and all the congregation murmured against the princes; not only for taking such an oath, but chiefly because they restrained them from smiting the Gibeonites, and taking their substance for a prey; their eager desire of revenge, and of seizing their goods, and inhabiting their cities, raised a murmur in them against the princes. This is to be understood not of the whole body of the people at Gilgal, but of all that party that was sent to Gibeon, and of the princes that went with them.

And the children of Israel smote them not, because the princes of the congregation had sworn unto them by the LORD God of Israel. And all the congregation {l} murmured against the princes.

(l) Fearing lest for their sin the plague of God would have come on them all.

EXEGETICAL (ORIGINAL LANGUAGES)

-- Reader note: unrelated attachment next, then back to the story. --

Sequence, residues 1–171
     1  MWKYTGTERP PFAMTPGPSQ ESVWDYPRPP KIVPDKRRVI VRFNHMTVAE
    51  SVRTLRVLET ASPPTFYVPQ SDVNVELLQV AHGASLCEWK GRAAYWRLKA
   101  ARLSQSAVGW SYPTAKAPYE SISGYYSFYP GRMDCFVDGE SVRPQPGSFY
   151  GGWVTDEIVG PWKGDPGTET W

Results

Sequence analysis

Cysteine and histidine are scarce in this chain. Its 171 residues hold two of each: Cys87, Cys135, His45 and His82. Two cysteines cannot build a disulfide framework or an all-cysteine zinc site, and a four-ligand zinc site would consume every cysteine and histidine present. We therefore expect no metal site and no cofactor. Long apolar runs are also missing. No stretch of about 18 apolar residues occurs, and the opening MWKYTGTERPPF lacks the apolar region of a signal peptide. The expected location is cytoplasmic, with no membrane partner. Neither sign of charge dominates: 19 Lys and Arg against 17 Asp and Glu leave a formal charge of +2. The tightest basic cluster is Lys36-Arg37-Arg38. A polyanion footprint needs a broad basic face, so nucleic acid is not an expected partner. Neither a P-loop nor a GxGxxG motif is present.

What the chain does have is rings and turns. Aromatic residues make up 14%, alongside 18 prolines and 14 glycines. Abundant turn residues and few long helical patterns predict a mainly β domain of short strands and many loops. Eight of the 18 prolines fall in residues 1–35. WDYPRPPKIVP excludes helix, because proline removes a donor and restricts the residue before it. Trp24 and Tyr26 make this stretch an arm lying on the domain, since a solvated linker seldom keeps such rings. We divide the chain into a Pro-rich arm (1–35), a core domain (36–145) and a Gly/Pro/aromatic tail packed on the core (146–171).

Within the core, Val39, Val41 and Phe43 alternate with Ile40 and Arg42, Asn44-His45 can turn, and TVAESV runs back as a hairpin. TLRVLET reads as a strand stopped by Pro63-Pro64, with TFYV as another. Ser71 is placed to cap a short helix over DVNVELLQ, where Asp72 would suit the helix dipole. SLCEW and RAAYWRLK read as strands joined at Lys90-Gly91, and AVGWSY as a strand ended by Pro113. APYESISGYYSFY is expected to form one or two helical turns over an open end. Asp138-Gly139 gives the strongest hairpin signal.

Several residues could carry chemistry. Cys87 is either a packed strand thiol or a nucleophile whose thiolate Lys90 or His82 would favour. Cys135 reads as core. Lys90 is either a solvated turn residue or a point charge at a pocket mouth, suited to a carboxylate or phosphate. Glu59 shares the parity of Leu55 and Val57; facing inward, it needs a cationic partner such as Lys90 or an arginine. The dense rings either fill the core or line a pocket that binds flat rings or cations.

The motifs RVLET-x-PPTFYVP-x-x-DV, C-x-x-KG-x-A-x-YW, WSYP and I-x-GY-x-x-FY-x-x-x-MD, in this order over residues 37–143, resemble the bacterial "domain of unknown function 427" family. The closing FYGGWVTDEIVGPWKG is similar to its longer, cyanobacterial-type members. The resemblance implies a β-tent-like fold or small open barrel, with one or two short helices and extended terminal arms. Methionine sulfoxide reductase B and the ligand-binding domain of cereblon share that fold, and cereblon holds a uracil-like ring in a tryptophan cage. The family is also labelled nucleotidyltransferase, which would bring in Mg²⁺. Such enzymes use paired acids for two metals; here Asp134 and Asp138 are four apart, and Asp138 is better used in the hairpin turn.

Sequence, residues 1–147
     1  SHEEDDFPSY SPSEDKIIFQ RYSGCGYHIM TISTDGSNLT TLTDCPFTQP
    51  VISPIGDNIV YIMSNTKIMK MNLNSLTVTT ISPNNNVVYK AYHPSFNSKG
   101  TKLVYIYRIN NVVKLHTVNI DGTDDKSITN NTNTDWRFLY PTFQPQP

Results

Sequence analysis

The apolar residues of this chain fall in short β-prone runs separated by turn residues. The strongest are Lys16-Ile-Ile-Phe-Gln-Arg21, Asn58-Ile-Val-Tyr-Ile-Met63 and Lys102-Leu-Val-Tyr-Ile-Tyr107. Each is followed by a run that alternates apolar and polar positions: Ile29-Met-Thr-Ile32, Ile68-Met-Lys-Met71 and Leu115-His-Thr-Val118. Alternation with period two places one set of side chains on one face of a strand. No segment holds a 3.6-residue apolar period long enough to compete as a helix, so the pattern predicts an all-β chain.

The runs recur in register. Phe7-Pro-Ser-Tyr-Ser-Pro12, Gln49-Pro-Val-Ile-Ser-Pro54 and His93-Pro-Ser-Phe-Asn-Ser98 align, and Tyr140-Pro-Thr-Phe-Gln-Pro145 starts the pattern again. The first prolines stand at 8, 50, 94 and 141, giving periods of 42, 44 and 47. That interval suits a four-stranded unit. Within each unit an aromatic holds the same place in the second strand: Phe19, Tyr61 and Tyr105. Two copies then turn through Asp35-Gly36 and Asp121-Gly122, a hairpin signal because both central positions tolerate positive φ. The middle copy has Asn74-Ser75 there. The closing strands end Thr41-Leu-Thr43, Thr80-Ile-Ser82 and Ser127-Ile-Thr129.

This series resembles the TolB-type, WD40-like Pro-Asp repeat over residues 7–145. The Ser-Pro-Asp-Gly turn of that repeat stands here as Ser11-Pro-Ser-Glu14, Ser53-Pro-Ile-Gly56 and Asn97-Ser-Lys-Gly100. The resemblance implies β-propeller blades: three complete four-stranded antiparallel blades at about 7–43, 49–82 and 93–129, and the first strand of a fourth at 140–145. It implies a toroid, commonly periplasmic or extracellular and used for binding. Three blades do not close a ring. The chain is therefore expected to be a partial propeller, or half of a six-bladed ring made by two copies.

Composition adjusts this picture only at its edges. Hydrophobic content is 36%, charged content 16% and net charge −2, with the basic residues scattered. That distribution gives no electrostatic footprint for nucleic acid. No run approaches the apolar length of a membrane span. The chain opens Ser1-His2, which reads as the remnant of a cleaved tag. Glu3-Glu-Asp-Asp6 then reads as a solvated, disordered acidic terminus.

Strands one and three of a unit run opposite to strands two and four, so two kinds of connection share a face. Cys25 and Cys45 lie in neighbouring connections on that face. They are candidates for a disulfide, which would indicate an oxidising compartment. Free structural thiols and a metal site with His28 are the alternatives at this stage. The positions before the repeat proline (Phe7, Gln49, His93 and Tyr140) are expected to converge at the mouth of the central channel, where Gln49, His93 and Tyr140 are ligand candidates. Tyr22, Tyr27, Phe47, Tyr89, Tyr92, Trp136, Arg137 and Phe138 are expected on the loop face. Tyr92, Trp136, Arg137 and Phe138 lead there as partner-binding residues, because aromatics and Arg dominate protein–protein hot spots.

18. had sworn unto them] The remembrance of the league was kept up through the whole course of the subsequent history. A terrible trial befell the nation because Saul had massacred certain of the Gibeonites (2 Samuel 21:1-2; 1 Samuel 22:18-19), and David remained faithful to the vow which Joshua had made.Verse 18. - And the children of Israel smote them not. There is great difference of opinion among the commentators as to whether this oath were binding off the Israelites or not. This difference is to be found among Roman Catholics as well as Protestants, and Cornelius a Lapide gives the ingenious and subtle arguments used on both sides by the Jesuit commentators. Many contend that as it was obtained by fraud, and especially by a representation that the Gibeonites did not belong to the tribes which Joshua was specially commanded to destroy (see Deuteronomy 20:10-18, with which compare the passages cited in note on ver. 7), it was null and void, ab initio. But the Israelites had sworn by the sacred name of Jehovah to spare the Gibeonites. It would have been to degrade that sacred name, and possibly (ver. 20) to bring trouble on themselves, to break that oath under any pretence whatever. If they had been deceived the fault was their own. The Jehovah by whom they swore had provided them with a ready mode of detecting such deceit, had they chosen to use it. Calvin, though he thinks the princes of the congregation were unnecessarily scrupulous, remarks on the superiority of Israelitish to Roman morals. It would have been easy enough for the congregation to argue, as the Romans did after the disaster at the Candine Forks, that the agreement was of no effect, because it was not made with the whole people. Cicero, however, had no sympathy with such morality. He writes ('De Officiis,' 1:13), "Atque etiam si quid singuli temporibus adducti, hosti promiserunt, est in eo ipso tides conservanda." And not a few instances of similar perfidy since the promulgation of Christianity may lead us to the conclusion that the example of Israel trader Joshua is not yet superfluous. As instances of such perfidy, we may adduce the battle of Varna, in 1444, in which Ladislaus, king of Hungary, was induced by the exhortations of Cardinal Julian to break the truce he bad entered into with Amurath, sultan of the Turks. It is said in this case that Amurath, in his distress, invoked Jesus Christ to punish the perfidy of His disciples. Be that as it may, a signal defeat fitly rewarded their disregard of truth. Later instances may be drawn from the conflict between Spain and the Netherlands in the latter part of the sixteenth century, in which the Spaniards frequently and wantonly, in the supposed interests of religion, violated the articles of capitulation formally entered into with the insurgents. These breakers of their plighted word also found that "wrath was upon them;" that God would not prosper the arms of those who, professedly for His sake, were false to their solemn obligations. Both the princes, in the narrative before us, in withstanding the wrath of the congregation, and the congregation in yielding to their representations, present a spectacle of moral principle which few nations have surpassed. Cornelius a Lapide, after giving the opinions of others, as we have seen, and remarking on the opinion here followed as "probabilior," sums up in the following noble and manly words: "Disce hic quam sancte fides, praesertim jurata, sit servanda hosti, etiam impio et infideli. Fide enim sublata, evertitur omnis hominum contractus et societas, quae fidei quasi basi innititur, ut homines jam non homines, sed leones, tygrides, et ferae esse videantur." Would that his Church had always acted upon these insatiable principles of justice and morality! In after years a terrible famine visited the Israelites as a chastisement for the infringement of this agreement (see 2 Samuel 21:1-9). Murmured. Literally, were stubborn. When these tidings reached them, they were sent off by the elders (the leaders of the republic) and the inhabitants of the land to meet the Israelites, that they might offer them their service, and form an alliance with them. In confirmation of this, they point to their dried provisions, and their torn and mended skins and clothes.